Here is Sylvie’s version: A year or so earlier, she had had a boyfriend who was a realtor. She asked him to let her take a look at this house, which was on the market. She walked through it and felt a powerful connection to the house, but had no interest in buying it. She already had a place elsewhere. One day she met Steff in the village and he invited her back to his house where he was welcoming some pilgrims. She had had a friendly breakup with her boyfriend just two days before. They then came as a group out to the Swiss guy’s house and she felt her heart tug as she turned into the driveway and realised that it was THIS house. Vincent was not here at the time and they sat in the garden until he came home later.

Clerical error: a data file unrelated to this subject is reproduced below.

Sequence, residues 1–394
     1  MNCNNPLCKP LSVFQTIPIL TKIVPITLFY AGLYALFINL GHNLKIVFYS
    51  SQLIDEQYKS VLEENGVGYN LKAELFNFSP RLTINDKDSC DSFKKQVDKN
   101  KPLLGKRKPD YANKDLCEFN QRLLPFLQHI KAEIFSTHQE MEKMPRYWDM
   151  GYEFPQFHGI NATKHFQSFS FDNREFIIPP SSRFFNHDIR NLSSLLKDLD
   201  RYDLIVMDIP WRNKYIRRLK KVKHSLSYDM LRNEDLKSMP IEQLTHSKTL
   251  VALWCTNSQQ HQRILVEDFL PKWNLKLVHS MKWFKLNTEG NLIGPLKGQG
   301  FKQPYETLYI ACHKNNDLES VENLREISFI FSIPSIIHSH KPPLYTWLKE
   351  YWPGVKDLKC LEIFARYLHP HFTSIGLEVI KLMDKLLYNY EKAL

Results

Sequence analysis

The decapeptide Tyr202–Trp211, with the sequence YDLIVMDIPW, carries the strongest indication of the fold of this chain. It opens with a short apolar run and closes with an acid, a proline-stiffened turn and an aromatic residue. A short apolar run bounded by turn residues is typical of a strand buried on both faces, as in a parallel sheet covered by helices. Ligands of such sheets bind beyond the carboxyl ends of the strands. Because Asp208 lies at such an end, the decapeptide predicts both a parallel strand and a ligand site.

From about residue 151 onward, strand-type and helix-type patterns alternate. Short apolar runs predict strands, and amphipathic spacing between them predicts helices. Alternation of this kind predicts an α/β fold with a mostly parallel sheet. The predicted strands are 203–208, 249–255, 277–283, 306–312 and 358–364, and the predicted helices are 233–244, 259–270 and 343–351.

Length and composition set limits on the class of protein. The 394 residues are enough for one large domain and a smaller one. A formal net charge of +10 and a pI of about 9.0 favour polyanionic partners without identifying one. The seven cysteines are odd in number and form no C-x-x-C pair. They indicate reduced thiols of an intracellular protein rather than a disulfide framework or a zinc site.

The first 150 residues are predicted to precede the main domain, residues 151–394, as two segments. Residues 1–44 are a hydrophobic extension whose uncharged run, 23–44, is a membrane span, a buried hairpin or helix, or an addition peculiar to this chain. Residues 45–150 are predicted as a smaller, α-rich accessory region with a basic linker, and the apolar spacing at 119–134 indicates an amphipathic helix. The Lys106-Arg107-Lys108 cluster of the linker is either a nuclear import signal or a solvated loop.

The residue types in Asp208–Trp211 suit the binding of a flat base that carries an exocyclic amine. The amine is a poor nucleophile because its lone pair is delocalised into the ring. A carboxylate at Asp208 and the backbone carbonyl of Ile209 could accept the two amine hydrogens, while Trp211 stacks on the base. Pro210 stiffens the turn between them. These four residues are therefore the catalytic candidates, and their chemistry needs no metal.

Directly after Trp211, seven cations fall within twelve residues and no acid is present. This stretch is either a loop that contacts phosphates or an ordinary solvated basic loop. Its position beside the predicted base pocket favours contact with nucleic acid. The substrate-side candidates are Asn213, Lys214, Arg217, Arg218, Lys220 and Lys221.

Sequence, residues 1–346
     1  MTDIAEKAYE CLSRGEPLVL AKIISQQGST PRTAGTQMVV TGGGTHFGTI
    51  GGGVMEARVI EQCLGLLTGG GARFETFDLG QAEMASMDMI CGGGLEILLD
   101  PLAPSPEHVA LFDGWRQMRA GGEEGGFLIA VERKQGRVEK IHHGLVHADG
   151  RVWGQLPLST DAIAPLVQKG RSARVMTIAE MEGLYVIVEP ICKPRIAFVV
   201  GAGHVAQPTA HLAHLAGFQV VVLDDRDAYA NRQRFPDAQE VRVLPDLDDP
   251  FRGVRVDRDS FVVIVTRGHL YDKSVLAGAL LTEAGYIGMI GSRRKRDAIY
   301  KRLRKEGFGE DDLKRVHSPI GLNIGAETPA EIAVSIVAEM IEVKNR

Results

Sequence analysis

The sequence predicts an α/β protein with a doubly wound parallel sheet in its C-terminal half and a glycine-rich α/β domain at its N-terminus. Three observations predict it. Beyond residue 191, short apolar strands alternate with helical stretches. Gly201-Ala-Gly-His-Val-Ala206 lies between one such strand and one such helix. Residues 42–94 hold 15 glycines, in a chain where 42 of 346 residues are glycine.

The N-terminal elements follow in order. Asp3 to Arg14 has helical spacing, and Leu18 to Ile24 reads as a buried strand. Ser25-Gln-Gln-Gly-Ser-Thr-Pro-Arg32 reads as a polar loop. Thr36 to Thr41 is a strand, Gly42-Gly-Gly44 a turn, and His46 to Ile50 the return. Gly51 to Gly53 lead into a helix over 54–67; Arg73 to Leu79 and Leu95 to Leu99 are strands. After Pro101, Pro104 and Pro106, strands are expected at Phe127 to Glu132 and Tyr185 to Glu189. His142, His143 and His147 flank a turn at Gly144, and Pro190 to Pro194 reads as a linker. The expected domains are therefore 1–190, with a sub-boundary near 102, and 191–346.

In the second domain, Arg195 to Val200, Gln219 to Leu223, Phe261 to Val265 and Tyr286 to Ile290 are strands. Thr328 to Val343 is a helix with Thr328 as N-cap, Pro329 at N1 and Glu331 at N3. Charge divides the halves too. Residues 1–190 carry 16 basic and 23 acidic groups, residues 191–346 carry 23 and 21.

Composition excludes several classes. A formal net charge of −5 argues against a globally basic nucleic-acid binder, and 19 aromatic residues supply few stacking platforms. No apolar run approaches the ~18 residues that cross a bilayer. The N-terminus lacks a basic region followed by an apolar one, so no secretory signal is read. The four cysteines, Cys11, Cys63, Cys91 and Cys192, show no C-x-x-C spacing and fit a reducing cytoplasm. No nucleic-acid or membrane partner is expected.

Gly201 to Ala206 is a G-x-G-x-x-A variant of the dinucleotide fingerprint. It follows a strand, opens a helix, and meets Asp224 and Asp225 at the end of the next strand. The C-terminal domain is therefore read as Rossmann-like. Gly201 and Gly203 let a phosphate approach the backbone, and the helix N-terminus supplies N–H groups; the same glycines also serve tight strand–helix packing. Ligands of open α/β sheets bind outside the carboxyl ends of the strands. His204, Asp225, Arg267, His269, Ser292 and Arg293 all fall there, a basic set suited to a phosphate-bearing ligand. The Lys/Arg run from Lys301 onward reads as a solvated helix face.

He invited her to see what he had done so far and she was impressed, and looked forward to meeting him again. There was a special connection to Vincent. They met a few times, each becoming a little more interested in the other. One morning she woke with the urge to walk the Camino, which had not been in her plans at all. He offered to drive her to the train in Toulouse where she took the train to St. Jean Pied de Port and started walking. At the station as she left he told her that he would be waiting for her, so he was already sure.
A few weeks into her journey (they had been messaging back and forth) she had to cut her journey short to return to France. She was in Leon and he drove 800 kilometres to pick her up and bring her back. By this time he picked her up in Spain she was pretty sure that he was the guy for her. By the time they got back to this house she was sure.
My take on it, a year later, is that it is working just fine. And by the way, both Vincent and Sylvie have read and approved their version of the story.